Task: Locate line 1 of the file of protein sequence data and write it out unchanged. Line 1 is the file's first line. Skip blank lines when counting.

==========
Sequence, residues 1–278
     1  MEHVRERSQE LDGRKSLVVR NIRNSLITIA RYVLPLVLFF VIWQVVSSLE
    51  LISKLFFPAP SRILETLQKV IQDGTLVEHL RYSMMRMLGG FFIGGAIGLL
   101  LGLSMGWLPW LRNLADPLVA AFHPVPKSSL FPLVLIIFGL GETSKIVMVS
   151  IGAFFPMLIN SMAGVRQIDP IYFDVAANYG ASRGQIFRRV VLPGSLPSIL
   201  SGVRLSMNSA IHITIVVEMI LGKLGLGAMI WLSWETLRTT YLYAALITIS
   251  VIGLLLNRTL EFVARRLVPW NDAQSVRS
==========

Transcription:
Sequence, residues 1–278